The House Permanent Select Committee on Intelligence will hold a rare open hearing Tuesday to examine proposed changes to the laws that govern the National Security Agency’s controversial metadata collection programs. It will be the House panel’s second open hearing since former NSA contractor Edward Snowden revealed detailed information about the programs in June.
Tuesday’s meeting marks the third hearing addressing changes to the NSA’s programs in less than a month, signaling a consensus from legislators that some kind of change to the Foreign Intelligence Surveillance Act is needed to curb growing international concern. Over 20 pieces of legislation addressing mass surveillance are currently floating in various stages on the Hill.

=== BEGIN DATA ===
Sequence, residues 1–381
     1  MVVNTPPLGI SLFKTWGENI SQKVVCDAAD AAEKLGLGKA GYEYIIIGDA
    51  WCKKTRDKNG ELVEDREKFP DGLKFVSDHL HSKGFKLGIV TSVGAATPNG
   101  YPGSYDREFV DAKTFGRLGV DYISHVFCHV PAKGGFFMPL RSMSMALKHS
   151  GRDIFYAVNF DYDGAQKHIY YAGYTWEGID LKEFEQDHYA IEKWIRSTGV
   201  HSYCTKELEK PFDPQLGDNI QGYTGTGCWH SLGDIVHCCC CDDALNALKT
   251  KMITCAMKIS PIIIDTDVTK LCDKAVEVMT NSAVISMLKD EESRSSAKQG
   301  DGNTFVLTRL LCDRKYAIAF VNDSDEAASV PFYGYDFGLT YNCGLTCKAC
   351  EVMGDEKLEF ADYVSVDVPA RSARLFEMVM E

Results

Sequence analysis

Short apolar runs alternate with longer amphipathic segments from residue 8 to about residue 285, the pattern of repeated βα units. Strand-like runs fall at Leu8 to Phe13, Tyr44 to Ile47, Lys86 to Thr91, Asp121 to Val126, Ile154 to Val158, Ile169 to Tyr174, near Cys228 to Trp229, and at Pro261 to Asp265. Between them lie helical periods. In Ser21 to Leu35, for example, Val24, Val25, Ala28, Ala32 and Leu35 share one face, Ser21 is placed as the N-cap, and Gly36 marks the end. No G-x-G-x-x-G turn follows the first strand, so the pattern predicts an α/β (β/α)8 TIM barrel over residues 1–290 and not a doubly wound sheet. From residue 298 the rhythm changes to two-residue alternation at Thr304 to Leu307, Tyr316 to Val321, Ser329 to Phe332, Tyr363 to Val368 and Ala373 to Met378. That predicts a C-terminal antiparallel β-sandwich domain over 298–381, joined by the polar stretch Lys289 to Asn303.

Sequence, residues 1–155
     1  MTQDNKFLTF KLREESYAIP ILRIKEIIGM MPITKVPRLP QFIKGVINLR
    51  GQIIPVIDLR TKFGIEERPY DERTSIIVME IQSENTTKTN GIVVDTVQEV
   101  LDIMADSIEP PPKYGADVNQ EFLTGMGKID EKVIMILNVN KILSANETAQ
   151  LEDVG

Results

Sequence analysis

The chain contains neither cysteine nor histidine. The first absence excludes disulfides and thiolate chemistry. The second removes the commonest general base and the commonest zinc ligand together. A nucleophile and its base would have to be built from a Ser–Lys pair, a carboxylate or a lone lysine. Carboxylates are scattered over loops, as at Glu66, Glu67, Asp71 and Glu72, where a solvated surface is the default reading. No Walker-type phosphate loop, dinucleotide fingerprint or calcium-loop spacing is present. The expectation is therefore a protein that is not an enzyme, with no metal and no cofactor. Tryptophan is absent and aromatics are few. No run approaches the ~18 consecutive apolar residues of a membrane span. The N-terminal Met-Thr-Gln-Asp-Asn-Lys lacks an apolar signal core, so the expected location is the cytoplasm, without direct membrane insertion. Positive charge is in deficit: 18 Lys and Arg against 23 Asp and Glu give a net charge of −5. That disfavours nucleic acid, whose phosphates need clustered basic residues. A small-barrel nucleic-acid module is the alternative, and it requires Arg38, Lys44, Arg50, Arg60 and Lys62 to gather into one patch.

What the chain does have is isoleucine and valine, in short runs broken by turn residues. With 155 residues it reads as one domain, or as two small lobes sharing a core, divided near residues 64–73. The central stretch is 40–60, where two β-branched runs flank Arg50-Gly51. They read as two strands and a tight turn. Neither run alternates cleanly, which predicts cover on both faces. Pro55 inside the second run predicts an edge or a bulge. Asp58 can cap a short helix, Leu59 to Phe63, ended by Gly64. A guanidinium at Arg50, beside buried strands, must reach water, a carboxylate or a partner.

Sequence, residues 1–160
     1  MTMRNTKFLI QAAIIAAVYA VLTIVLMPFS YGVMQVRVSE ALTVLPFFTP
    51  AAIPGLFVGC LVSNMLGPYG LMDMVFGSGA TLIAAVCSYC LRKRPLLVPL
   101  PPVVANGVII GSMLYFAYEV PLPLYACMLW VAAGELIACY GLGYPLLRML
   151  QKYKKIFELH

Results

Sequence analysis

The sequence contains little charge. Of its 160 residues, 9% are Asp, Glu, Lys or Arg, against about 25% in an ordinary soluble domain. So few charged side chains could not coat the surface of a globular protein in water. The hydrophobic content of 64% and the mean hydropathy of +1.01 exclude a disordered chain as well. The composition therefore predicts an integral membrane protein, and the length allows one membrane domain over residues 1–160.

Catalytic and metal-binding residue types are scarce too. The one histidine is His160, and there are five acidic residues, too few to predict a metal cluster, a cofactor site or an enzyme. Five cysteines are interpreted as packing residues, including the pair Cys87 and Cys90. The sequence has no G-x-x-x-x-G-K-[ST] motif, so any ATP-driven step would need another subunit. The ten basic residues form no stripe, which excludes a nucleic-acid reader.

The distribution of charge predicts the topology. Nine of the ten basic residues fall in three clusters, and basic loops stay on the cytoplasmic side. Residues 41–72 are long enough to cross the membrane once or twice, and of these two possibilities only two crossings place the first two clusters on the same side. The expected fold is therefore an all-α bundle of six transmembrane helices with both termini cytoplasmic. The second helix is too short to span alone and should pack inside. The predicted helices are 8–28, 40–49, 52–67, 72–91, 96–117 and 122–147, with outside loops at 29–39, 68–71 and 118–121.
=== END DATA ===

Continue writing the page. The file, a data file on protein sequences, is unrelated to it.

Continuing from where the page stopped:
"As Chairman Rogers first promised in July on the House floor, the House Intelligence Committee continues to assess a number of proposals to improve transparency and strengthen privacy protections to further build the confidence of the American public in our nation’s FISA programs,” said Susan Phalen, a spokesperson for the House panel.
Director of National Intelligence James Clapper will join NSA chief Keith Alexander as witnesses Tuesday, along with Assistant Attorney General James Cole and Deputy NSA director Chris Inglis.